David S. Wallens
David S. Wallens Editorial Director
5/11/09 4:20 p.m.

If we told you that pouring a $13 oil additive into your engine would give you five additional horsepower, would you believe us? Neither would we.

For years, all of us in the automotive world have been inundated with pitches from oil additive companies. The claims promise gains that any car owner would desire: "less engine wear," "more horsepower," and "longer engine life." Who wouldn't be interested in these benefits?

Claims vary from product to product, but all purport to be some sort of elixir for your engine's good health. Some of these potions, which contain solvents such as kerosene, promote cleanliness by removing tarnish and buildup. Others, which seem to have the consistency of honey, promise quieter valves and restored engine compression.

If you look at the root of the issue, however, most "solutions" are merely fixes for engine neglect and wear. Change your oil at regular, recommended intervals, and you probably won't need to worry about flushing out years worth of sludge and deposits. Likewise, only an engine rebuild will properly fix low compression and worn-out and loose valves.

But there's a whole class of additives, which we'll look into in a minute, that make the promise most enthusiasts are after: more power. These claims and boasts caught our interest, so we did a little research in an effort to figure out what's behind the flashy advertisements and huge promises.

Exactly What's in Them?

That's a good question, and unfortunately one we can't seem to answer. Unlike the folks who make frozen burritos or Chips Ahoy!, oil additive companies are not required to list their ingredients. Nor are they willing to share their prized formulas with the general public. For all you know, it could be metal shavings and sand suspended in dirty water. Or it could be something worse. On the other hand, that little bottle could hold the key to all of your automotive dreams.

Unlike most brand-name motor oils, the oil additive industry is unregulated and their products are not certified by the API. Just who is this almighty API we speak of? Founded in 1919, the American Petroleum Institute serves as the national trade association for the entire petroleum industry, covering all aspects of production, refining, exploration and transportation. Pick up a quart of any reputable motor oil, and you'll see the API stamp of approval on it.

According to the API, an engine oil product which meets their standards has been "manufactured in accordance with stringent industry specifications established by the API, the Society of Automotive Engineers, the American Society for Testing and Materials, and the International Lubricant Standardization and Approval Committee. Oils meeting these specifications are recommended by automotive manufacturers."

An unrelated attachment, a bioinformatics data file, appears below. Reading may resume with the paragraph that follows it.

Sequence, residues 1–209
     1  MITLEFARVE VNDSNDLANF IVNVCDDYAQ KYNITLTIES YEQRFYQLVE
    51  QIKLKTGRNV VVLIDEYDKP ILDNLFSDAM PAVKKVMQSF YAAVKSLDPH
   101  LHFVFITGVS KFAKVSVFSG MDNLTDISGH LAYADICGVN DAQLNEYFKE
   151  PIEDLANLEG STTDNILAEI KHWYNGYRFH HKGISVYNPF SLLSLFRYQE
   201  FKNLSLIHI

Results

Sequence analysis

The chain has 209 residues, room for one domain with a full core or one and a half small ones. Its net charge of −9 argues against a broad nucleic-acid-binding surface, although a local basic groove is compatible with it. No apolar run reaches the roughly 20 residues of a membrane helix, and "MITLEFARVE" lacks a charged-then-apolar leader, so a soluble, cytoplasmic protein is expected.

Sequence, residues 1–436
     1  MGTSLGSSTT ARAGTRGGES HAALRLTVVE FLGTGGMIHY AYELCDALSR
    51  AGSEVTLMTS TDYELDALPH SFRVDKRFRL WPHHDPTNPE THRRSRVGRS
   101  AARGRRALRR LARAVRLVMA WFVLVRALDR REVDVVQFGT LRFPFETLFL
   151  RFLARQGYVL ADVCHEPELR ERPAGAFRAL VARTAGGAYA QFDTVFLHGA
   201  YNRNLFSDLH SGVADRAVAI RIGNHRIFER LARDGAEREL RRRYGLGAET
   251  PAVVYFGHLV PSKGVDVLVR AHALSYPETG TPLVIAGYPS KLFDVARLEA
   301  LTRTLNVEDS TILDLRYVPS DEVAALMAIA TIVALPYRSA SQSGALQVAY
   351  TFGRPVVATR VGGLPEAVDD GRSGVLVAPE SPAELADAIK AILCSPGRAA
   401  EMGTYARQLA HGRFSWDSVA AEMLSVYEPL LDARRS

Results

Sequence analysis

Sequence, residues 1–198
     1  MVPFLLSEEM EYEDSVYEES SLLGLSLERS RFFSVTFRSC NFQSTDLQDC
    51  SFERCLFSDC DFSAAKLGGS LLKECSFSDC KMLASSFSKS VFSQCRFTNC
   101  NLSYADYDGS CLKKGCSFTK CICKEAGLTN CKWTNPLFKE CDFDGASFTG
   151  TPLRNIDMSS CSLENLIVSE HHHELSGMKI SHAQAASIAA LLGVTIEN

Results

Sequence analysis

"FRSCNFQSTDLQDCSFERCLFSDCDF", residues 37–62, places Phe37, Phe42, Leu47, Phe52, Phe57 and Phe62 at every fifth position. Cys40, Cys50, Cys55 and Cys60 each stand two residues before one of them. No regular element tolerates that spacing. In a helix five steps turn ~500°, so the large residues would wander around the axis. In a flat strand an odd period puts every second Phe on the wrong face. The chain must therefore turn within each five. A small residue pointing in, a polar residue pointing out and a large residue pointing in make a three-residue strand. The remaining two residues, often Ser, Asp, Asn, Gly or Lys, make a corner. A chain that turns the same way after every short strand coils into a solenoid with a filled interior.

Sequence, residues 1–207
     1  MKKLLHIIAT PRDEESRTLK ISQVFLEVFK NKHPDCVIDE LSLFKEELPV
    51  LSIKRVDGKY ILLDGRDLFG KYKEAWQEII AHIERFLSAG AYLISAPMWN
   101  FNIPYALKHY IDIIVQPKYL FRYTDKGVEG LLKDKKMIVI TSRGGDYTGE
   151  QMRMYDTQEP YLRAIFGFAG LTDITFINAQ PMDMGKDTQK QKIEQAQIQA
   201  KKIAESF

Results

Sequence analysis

The additive companies say they don't need an API stamp because any engine using an additive would already have an API-certified oil in the crankcase. Maybe so, but that's a flimsy argument for noncompliance.

More Power

Among the various claims, we found that many additives boast that their active ingredients will make your oil slipperier, which will reduce internal friction and in turn yield better performance, more horsepower and longer engine life. Simple physics, right? As a bonus, many of these companies have promised that their additives will bond themselves to your internal engine components, providing increased protection during start-up.

Active ingredients vary--and are usually secret--but for the most part they fall into one of two categories: chlorinated materials and PTFE. Why these two materials? Under high pressures, chlorinated materials form smooth coatings, which in theory reduces friction. (Remember that reduced friction inside your engine generally yields increased power.) PTFE, which is the generic name for DuPont's Teflon, is recognized as one of the most slippery materials ever found.

Both compounds are slippery, but we have learned that they may have drawbacks. The big problem with additives is that over time and under high temperatures, they can decompose into hydrochloric acids. If you remember high school physics, hydrochloric acid is very corrosive to most common metals. This is generally perceived as not such a good thing for your engine.

PTFE is certainly a slippery substance, but whether or not you want something in your engine that's based on a solid is a personal decision. The companies that use PTFE say they use particles that are small enough to pass through oil passageways and oil filters without causing trouble. What if they're wrong? A spun bearing or clogged oil filter could really ruin your day. Again, you're having to trust a product that is not tested, certified or approved by any sort of regulating body. Call us over-cautious, but when our engine is on the line, how can we not be?

Some of these products that boast of their PTFE content also carry a notice to shake before using. Now, if only they could tell us how to shake our engines before turning the key, we'd be all set.